Two Dozen Christians Deported From Saudi Arabia For Praying

Muslim pilgrims walk on roads as they head to cast stones at pillars symbolizing Satan during the annual haj pilgrimage in Mina earlier this month. Churches are banned in Saudi Arabial.Reuters

Saudi Arabia has deported 27 Christians for having a service in their home to mark the festival of the Assumption of the Virgin Mary into heaven, according to news reports. 

The deportation was carried out because the Christians' prayers were "unIslamic", according to EWTN.

The women, some of whom had children with them, argued unsuccessfully that because the Koran esteems Mary, their prayers should not be seen as insulting.

In 2006 the Saudi government pledged to stop interfering with private worship of non-Muslims.

Christians make up about three per cent of the population of Saudi Arabia, where churches are banned and apostasy is a capital offence.

Professor Camille Eid, of Milan univerisity, an expert on Christianity in the Middle East, told the TV show Where God Weeps that Christians in Saudi Arabia have to practice their faith in secret.

"They say that Christians can pray privately but what does private mean? Does it mean alone or with your family? When more than two, or a group of families, are praying together in the privacy of their home the religious police can come in and intervene and arrest them."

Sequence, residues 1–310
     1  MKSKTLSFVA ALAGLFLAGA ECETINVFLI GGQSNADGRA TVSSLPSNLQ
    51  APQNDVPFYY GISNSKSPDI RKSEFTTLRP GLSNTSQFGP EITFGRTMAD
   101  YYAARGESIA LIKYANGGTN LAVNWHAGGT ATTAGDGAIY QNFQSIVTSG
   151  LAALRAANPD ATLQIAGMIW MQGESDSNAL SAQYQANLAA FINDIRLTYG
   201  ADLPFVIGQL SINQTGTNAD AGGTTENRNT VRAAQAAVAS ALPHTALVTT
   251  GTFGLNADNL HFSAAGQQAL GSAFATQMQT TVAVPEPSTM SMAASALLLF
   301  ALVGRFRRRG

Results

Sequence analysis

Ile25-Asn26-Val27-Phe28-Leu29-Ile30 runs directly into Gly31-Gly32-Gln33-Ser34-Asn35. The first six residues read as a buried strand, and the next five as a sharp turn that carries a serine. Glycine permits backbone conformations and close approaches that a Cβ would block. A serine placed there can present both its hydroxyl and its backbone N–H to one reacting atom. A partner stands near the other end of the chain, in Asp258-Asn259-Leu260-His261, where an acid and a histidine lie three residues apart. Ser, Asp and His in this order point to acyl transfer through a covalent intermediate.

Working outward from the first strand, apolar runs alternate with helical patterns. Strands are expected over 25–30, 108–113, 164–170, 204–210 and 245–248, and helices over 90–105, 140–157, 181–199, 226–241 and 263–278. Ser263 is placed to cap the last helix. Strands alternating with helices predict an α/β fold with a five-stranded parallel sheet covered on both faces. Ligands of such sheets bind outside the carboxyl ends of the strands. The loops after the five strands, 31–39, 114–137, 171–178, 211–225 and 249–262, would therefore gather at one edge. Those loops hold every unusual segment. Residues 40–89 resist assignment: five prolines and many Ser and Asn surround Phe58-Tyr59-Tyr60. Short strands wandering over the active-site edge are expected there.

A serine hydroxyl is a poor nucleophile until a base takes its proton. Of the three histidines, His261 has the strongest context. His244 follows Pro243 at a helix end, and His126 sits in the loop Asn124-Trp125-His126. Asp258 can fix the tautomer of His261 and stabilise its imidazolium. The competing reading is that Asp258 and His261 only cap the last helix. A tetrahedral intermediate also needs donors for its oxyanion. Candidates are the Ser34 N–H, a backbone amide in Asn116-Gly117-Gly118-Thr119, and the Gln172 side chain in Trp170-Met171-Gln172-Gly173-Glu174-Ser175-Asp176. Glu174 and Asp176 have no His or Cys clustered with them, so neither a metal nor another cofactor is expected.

Anyone seen wearing a cross can have it removed by any Muslim, not just police officers.

Americans, French and Italians celebrate Christmas and Easter services inside their embassies but there is no Christian, Jewish, Hindu or any other worship anywhere else in Saudi Arabia, a law enforced by 5,000 religious police.

Eid described the case of a Saudi girl who converted to Christianity and wrote a poem to Christ. She had her tongue cut, disappeared and was later found dead.  

The UK Ambassador to Saudi Arabia, Simon Collis, recently converted to Islam.

Saudi Arabia is currently number 14 on the Open Doors persecution watch list.

Open Doors says: "The majority of the population is under thirty and the youth culture has changed radically under the influence of satellite TV, the internet and social media. Young people are longing for more freedom, especially for women, and do not want to be restricted by the religious police."

Open Doors reports that the internet revolution has reached Islamic leaders and several imams have Twitter accounts. "The number of Christian converts from Islam and other religions is increasing, along with their boldness in sharing their new faith."